The concept of verbal prototyping comes from Make magazine. For me, there’s a lot to like in the whole Maker movement. The idea of knowing how something goes together has been important for me throughout my career, and even in school. I’ve always felt a need to understand the how of putting a building together, at a nuts and bolts level. And I am a strong believer in the Makers’ idea of Freedom to Tinker, the idea that you ought to be able to mess about and modify things you work with.

Verbal prototyping is an interesting idea; engage with the potential customer in advance of project development. For something where there’s a lot of preliminary development at the early stages, and a lot of lock-in once things are underway, it makes a great deal of sense. If you’re building a new product, make sure it’s what people want by talking about it early on, rather than building something (locking in with manufacturing and production, at that point) and then finding out whether or not they like it.

But that same arc of project flexibility sounds familiar to an architect, too. Changes, we tell clients, are much easier to incorporate early in a project. Going back and revising things with something different later in the project is much more expensive.

Can an architectural practice engage in something akin to the Makers’ verbal prototyping? To some extent, I think that architectural practice is, more or less, already incorporating verbal prototyping, along with a host of other tools. Architecture, typically, is something carried out as a process already. Information gathering, programming, sketches, iterations of design, phases of work, with more and more refinement as the process moves along, all of this is part of the usual arc of an architectural project. Where, then, does this more social, networked method fit in with architectural practice?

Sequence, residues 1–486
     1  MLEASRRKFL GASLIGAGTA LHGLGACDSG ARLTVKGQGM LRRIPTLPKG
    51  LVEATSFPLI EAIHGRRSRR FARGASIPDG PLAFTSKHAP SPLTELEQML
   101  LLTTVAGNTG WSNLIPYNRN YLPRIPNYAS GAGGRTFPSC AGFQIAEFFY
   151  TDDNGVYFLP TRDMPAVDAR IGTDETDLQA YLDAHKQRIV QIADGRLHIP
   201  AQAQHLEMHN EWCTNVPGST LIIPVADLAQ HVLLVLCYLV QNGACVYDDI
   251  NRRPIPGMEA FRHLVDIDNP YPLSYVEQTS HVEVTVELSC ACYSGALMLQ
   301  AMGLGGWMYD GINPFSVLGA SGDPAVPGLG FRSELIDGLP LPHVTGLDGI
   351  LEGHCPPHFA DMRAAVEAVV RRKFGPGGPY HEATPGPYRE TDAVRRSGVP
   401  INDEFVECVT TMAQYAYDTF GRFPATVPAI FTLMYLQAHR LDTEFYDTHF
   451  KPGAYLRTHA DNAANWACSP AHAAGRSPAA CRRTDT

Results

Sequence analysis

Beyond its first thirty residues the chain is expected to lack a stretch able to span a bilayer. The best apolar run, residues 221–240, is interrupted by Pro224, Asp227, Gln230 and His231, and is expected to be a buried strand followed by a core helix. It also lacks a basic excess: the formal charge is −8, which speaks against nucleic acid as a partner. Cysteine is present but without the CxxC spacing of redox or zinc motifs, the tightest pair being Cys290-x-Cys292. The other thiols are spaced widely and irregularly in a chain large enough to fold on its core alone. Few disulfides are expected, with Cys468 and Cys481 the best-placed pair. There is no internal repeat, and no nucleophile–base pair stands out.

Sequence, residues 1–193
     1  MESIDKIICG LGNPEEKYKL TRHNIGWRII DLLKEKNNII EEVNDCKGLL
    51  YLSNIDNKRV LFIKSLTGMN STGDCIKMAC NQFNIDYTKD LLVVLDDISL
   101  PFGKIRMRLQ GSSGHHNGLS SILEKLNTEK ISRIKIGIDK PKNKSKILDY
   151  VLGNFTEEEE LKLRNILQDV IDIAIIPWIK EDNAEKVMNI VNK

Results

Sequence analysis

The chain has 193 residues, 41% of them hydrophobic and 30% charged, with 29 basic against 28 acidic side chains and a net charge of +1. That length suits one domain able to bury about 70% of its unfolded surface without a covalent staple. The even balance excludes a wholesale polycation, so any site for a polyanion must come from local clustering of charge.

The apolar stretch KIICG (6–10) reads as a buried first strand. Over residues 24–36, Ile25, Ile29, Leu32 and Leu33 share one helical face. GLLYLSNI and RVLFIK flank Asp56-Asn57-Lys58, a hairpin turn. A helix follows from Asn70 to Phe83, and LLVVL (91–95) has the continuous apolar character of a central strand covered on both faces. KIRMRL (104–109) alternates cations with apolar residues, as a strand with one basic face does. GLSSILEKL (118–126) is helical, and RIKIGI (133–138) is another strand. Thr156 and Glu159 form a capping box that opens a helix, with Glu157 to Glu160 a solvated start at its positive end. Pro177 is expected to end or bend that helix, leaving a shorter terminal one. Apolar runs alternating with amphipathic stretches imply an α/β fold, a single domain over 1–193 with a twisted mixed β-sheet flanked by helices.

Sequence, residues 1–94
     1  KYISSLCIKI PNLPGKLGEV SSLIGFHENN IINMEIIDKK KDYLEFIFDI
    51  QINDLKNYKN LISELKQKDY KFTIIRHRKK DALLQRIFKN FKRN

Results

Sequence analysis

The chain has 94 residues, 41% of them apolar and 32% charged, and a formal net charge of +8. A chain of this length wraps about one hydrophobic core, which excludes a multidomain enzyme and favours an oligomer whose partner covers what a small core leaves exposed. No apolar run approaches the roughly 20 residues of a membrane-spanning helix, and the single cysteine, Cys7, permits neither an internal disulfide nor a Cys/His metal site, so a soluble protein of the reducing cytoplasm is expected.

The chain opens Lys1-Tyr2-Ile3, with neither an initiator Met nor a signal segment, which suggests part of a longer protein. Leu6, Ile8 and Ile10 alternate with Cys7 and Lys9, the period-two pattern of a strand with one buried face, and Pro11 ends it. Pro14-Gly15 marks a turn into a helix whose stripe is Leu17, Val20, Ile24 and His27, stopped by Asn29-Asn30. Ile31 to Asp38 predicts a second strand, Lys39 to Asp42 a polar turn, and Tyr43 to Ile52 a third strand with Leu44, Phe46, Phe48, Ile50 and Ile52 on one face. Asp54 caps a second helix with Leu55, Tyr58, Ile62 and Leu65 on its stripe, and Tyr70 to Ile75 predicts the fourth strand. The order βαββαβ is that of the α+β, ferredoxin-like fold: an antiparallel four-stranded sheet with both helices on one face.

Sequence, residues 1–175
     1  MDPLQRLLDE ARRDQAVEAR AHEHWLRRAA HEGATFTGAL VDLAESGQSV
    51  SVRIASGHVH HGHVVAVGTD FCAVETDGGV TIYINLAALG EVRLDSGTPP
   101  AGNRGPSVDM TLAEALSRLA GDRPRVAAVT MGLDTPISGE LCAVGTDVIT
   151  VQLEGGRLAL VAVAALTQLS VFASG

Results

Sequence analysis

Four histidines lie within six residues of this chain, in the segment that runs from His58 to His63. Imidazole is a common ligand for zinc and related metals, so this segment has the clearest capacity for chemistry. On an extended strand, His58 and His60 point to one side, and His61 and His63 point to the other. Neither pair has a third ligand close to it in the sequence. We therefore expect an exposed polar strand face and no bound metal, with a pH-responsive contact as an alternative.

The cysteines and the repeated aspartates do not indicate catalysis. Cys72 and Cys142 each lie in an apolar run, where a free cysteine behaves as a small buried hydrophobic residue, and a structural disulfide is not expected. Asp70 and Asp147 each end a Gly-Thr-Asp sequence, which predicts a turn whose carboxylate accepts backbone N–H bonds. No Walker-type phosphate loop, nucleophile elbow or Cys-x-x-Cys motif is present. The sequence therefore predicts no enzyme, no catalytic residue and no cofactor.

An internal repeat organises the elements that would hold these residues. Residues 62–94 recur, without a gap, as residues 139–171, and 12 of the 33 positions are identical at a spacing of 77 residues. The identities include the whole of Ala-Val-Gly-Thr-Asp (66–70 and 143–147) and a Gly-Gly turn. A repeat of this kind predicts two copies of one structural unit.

The difference is that, when applied to a product or an object, verbal prototyping is useful as an early stage, before anything is committed to materiality. But the end product is going to be produced in multiple copies. Manufactured by the thousands or millions. Even for online services and websites, while there may be one manifestation, it is used by great numbers of users, each of whom is an individual customer. But, architecture applies to a single building. (Yes, there are production houses in their multiples, but even a wildly successful one is only going to be built a few hundred times, and the builders of those rubber stamp houses aren’t all that concerned about how well liked and useful their product is.) There may be thousands of users for any sort of public building, but only a handful of them are the ‘client.’

I think that verbal prototyping may be something an architect can engage with a client, before getting into the ‘architecture.’ For the present project I have been working on, I was trying to keep things at this level, without getting locked into particulars. But, in order to prepare even a schematic budget, it was necessary to do some sketches and drawings. And, unfortunately, it will be that much harder to draw back from any part of that, or to take a fresh approach later on. I hadn’t been explicitly thinking about verbal prototyping when I was doing this; it just felt like the right approach for me to take with this project.

I’d like to think that my approach to practicing architecture is going to be innovative and progressive. Maybe some of it is even intuitively so, at least right now. This is something that bears further thought. Ideally, it should be incorporated as a deliberate part of the practice. I’m interested to find out more about how others, especially other young firms that may also be paying attention to models outside other architectural practices, are addressing this idea, and if anyone else has developed similar approaches in their firms.